I carried a few hundred in cash, most of it hidden, but most places I hit took cards.

Overall, it was really easier than expected. Lots of little details to work out at first, and I sorta regret doing it in the winter. Test your sleeping spot for comfort. Seriously: Bath towel, and TP, warm clothes if it will get below 50. Take lots of pictures, and have fun :)
posted by Jacen at 9:14 AM on April 28, 2016

When I was 65 I sold almost everything, bought an RV, and hit the road. So here's some comments.
1. If you go to Tucson, check out the Desert Museum. Also in AZ, Montezuma's Castle and Chaco Canyon.
2. Bryce Canyon and Zion Park in Utah are spectacular and not far from AZ, though you'll have to the northside of the Grand Canyon to get there.
3. Get the National parks pass. In summer, you may have to make a reservation.
4. Don't forget to carry water. And a pee bucket as somebody mentioned (my first trip out west was in a car; the RV had a toilet) -- I used a plastic cereal holder with a sealing lid, easy to hold with one hand, tp in the other, then put lid on and empty when convenient. Getting out of the car to pee puts you in a vulnerable position.
5. You can get free maps at State Welcome Centers, shortly after crossing the border. Always have paper maps.
6. Almost forgot about the new glass viewing bridge at the Grand Canyon (not if you have vertigo, though).
7. Near Tucson is San Xavier Mission on the Tohono O'odham Reservation. and nearby is Kitt Peak Observatory and you can take a tour of the telescopes -- they have a huge solar daytime telescope and a neat gift shop. Down in Green Valley south of Tucson are small towns with artist colonies.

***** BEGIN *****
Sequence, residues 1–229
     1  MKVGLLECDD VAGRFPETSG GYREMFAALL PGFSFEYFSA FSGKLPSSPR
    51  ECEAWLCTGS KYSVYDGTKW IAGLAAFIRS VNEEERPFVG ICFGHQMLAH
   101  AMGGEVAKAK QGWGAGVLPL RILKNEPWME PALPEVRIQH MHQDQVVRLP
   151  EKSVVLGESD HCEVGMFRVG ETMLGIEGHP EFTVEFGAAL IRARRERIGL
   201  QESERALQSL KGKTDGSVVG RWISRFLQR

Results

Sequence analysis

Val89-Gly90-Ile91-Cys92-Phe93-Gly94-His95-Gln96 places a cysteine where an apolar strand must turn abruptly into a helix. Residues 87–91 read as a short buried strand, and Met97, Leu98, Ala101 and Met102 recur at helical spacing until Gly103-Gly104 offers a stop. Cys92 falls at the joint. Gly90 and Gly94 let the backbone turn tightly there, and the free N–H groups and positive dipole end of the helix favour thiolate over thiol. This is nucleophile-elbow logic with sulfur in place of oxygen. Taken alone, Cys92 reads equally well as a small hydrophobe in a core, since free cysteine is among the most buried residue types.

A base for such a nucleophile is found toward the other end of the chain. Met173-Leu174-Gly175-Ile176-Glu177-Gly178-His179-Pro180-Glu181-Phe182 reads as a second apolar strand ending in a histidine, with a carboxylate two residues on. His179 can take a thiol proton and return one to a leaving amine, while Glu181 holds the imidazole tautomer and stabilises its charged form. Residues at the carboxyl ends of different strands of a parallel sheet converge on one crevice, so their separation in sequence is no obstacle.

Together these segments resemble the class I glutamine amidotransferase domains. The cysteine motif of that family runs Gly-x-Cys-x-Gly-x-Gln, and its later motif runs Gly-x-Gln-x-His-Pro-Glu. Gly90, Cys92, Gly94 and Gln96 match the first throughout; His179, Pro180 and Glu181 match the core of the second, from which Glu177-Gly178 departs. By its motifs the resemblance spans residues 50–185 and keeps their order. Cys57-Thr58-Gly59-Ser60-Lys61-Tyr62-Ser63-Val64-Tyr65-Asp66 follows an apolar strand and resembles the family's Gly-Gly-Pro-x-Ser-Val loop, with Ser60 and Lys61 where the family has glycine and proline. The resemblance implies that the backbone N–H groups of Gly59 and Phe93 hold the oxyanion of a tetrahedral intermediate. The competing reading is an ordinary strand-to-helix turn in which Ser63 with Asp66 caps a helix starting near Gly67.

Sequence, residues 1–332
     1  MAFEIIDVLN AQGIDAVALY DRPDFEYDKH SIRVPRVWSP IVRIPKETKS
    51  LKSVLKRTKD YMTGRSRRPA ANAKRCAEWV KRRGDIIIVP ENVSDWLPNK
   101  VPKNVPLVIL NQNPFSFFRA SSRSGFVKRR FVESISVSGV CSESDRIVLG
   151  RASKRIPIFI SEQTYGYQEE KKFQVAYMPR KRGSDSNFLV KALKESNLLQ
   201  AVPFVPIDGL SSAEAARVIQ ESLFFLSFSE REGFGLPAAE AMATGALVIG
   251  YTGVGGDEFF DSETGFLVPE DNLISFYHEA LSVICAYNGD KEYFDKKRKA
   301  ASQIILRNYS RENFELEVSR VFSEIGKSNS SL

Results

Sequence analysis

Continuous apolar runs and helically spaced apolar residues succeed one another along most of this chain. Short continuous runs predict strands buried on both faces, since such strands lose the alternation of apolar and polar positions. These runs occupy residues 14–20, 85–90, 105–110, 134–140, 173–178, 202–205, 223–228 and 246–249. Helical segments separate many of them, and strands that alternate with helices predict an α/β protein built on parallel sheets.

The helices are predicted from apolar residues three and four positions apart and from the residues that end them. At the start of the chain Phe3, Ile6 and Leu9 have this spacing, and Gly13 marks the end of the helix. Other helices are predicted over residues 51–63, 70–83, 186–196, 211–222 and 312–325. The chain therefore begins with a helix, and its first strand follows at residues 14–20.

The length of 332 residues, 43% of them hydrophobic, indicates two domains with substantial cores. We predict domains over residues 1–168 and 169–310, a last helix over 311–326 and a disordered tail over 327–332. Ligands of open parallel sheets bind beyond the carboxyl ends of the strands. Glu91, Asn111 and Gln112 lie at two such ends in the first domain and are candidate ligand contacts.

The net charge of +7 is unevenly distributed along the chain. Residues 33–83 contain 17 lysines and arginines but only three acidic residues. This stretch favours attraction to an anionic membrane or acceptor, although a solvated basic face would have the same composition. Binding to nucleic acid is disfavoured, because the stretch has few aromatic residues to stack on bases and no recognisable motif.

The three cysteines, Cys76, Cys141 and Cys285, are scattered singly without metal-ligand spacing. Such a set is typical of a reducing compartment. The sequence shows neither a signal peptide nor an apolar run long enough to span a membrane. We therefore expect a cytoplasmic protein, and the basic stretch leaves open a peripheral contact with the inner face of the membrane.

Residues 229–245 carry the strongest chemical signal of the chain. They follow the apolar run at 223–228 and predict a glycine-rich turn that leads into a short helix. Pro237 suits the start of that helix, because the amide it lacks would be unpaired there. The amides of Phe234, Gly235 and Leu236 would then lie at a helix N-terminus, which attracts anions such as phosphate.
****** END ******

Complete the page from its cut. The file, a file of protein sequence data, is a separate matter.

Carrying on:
8. If you drive west after the Mission you'll eventually wind up where the boojum trees are and in Organ Pipe Park, nice and eerie.
I once lived in LA and drove out into the desert for hours just for some peace and quiet. Turned off the car and drank in the silence. Then an ATV came barrelling down the cliff. Hope your trip goes better than that. Enjoy.
posted by MovableBookLady at 9:28 AM on April 28, 2016 [4 favorites]

Oh! the Museum of Northern Arizona in Flagstaff is totally worth it. A really amazing collection.
posted by notsnot at 10:47 AM on April 28, 2016

Water. Water. Water. Make sure you have plenty. And be ready for your cell phone not to have reception. There are several areas where you may not have it. I have AAA with 100 mile towing coverage added because there are places where you may be 50 miles from help, and you don't want to have to a. figure out who to call for a tow and b. pay a fat towing bill.

Grand Canyon? If you've never seen it, you must. I'd seen it before, but last October I backpacked it for two nights. It now owns me. I did another two nighter in February and I have a one-night permit in a couple of weeks. I have so many hikes I wanna do there. The North Rim is much quieter, but it is a much longer (albeit beautiful) drive, and the road will be closed until May 15th, as will the services at the North Rim. The South Rim does have a lot more to do, with the west rim and east rim drives.

Zion isn't far off. Bryce Canyon isn't either. Lake Powell is beautiful. There so much to see out here I don't know where to start.

If you have the time, and you can afford this trip, do it. You may not get another chance to run off like this for a while.
posted by azpenguin at 3:58 PM on April 28, 2016